|Uwe B. Sleytr, Dietmar Pum, Carina Huber, Bernhard Schuster, and Margit Sára
Center for NanoBiotechnology and University of Natural Resources and Applied Life Sciences, Gregor Mendel St. 33, A-1180 Wien, Austria
One of the key challenges in nanobiotechnology is the utilization of self-assembly systems, wherein molecules spontaneously associate into reproducible aggregates and supramolecular structures. In this contribution we describe the basic principles of crystalline bacterial surface layers (S-layers) and their use as patterning elements.
The broad application potential of S-layers in nanobiotechnology is based on the specific intrinsic features of the monomolecular arrays composed of identical protein or glycoprotein subunits. Most important physicochemical properties and functional groups on the protein lattice are arranged in well-defined positions. Many applications of S-layers depend on the capability of isolated subunits to recrystallize into monomolecular arrays in suspension or on suitable surfaces (e.g. polymers, metals, silicon wafers) or interfaces (e.g. lipid films, liposomes).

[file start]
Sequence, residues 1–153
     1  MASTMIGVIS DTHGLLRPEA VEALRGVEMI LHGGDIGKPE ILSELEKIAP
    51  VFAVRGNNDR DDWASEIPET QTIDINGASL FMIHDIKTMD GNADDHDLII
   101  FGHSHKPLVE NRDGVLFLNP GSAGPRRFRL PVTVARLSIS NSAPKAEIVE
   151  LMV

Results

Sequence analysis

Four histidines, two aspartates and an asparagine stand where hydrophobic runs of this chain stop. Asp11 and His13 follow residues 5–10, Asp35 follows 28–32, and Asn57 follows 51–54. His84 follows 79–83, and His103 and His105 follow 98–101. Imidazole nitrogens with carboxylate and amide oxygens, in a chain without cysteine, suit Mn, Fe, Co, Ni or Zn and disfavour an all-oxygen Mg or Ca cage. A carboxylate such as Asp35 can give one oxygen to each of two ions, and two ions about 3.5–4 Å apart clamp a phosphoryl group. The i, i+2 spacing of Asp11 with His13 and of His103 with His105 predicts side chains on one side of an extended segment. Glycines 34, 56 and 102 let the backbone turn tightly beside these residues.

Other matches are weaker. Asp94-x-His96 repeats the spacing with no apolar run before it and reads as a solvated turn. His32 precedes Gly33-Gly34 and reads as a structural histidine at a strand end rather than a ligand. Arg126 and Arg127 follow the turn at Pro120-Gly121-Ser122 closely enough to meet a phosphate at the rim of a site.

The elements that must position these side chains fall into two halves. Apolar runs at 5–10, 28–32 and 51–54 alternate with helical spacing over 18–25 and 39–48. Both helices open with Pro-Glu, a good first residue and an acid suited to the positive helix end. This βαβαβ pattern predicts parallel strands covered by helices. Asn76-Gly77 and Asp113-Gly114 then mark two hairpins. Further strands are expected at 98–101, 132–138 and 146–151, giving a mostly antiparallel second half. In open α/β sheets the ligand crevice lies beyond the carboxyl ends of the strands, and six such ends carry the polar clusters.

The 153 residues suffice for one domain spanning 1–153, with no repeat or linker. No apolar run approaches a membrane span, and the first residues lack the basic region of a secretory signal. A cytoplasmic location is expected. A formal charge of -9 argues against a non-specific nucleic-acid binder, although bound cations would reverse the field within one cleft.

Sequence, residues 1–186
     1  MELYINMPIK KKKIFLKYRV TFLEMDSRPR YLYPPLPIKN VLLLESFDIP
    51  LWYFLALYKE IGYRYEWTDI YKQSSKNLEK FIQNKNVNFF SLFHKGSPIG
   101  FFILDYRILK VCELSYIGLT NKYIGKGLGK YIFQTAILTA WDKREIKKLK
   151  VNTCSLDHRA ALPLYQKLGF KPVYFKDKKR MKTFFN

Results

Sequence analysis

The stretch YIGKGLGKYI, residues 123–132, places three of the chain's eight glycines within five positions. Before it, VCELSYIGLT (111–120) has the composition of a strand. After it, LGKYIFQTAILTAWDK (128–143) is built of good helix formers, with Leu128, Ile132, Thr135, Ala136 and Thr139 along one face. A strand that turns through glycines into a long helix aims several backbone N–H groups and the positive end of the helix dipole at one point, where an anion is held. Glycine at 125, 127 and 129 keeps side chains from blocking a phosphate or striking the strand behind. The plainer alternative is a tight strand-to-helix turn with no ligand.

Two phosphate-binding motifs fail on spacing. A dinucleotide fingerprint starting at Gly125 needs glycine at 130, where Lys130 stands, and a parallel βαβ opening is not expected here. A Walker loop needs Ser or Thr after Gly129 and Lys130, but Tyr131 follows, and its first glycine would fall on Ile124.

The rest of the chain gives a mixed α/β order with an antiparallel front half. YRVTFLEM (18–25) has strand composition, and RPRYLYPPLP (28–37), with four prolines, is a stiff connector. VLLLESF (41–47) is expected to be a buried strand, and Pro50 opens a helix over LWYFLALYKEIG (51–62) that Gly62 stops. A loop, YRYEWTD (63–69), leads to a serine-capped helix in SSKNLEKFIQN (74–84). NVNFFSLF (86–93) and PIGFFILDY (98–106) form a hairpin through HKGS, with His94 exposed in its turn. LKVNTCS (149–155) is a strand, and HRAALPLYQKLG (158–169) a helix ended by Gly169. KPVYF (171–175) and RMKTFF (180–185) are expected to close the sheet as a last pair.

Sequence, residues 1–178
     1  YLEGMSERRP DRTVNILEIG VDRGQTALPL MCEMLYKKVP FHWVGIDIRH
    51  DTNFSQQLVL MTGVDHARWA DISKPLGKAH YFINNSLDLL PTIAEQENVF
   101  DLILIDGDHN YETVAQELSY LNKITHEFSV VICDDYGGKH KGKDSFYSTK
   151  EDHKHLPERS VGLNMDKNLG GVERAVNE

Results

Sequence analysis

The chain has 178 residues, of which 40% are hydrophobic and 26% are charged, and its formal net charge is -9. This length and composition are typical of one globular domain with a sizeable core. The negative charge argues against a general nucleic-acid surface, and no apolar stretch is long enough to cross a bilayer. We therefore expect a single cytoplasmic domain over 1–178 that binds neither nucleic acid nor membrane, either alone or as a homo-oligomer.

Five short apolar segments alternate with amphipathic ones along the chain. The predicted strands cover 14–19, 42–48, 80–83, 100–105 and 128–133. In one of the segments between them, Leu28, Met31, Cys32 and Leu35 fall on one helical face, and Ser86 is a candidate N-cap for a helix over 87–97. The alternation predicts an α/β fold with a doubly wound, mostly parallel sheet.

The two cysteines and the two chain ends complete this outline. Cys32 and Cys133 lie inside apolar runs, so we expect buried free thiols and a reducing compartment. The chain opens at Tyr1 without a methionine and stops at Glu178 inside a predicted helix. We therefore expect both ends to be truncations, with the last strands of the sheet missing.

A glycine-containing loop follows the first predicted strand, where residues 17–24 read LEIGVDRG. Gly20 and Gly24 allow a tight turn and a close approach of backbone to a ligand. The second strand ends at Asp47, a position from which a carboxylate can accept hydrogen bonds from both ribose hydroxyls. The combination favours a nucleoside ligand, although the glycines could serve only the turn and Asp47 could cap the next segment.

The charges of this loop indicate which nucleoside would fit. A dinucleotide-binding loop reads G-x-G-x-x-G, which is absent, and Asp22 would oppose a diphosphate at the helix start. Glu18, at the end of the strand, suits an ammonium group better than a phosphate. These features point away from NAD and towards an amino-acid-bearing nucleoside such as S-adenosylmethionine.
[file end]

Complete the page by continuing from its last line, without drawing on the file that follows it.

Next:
S-layers also represent a unique structural basis and patterning element for generating more complex supramolecular structures involving all major classes of biological molecules (e.g. proteins, lipids, glycans, nucleic acids or combinations of that). Thus, S-layers fulfil key requirements as building blocks for the production of new supramolecular materials and nanoscale devices as required in molecular nanotechnology, nanobiotechnology, and biomimetics.